A group of Indigenous women says the International Emmy Award for a documentary about folk legend Buffy Sainte-Marie feels like a “slap in the face.”
The Indigenous Women’s Collective describes itself as a group of mothers, grandmothers, academics and activists advocating to stop colonial violence against Indigenous women.
The collective says in a post on X, formerly known as Twitter, that “documentaries are supposed to present factual information.”
Documentaries are supposed to present factual information. An Emmy win is a slap in the face to so many Indigenous people tonight. <br><br>Pretendianism is an act of colonial violence and should never be celebrated. We can not denounce it for one, and ignore it for another.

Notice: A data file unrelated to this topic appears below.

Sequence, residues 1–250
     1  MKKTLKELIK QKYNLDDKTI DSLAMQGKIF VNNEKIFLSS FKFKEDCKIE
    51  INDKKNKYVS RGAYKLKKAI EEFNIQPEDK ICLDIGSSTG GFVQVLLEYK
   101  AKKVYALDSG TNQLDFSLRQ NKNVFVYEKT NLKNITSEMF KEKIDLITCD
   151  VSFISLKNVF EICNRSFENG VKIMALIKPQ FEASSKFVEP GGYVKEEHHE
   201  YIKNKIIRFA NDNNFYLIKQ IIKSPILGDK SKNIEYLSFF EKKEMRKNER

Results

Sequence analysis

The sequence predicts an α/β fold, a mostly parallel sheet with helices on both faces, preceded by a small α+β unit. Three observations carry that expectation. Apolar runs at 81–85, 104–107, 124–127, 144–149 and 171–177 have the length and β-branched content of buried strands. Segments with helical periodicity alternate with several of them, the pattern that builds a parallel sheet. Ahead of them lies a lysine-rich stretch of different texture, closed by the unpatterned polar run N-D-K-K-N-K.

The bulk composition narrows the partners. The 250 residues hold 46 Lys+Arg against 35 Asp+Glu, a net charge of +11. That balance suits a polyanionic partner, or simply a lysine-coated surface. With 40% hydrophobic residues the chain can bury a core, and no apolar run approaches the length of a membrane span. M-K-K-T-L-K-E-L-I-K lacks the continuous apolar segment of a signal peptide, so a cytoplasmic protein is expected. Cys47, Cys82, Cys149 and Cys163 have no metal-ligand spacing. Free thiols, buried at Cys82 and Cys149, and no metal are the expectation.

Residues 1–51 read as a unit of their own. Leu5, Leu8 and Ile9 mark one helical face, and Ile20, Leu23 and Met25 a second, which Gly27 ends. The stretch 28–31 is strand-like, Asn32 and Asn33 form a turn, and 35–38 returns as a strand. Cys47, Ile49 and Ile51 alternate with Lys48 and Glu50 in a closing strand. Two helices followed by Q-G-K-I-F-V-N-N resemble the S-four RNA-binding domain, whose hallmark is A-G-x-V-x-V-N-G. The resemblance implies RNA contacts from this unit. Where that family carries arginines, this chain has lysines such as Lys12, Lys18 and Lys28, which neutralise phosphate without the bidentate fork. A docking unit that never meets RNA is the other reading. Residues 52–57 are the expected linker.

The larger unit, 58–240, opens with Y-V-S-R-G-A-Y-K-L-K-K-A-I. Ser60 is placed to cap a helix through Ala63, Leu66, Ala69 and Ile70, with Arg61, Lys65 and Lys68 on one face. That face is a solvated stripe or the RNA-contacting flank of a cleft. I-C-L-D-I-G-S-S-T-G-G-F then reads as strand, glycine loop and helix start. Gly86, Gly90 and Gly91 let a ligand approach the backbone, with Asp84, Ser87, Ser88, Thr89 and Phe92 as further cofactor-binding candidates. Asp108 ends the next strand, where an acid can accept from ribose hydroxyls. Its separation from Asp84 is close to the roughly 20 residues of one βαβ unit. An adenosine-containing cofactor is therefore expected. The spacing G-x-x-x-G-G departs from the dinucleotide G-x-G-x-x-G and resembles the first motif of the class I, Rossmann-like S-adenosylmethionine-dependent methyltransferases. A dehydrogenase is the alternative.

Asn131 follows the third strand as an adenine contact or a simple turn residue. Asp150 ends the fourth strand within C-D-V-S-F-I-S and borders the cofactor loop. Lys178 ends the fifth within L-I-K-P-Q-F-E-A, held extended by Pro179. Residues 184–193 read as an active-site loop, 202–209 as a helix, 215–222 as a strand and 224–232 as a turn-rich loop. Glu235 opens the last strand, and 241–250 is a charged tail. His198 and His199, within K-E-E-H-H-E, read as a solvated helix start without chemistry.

Buffy Sainte-Marie: Carry It On, a documentary made before the singer’s Indigenous ancestry was called into question, won in the arts programming category.
An investigation by CBC’s The Fifth Estate released in October contradicts Sainte-Marie’s claims to Indigenous identity.
Sainte-Marie has denied the accusation and White Pine Pictures, one of the companies that produced the documentary, says in a statement on its website that it stands behind the musician.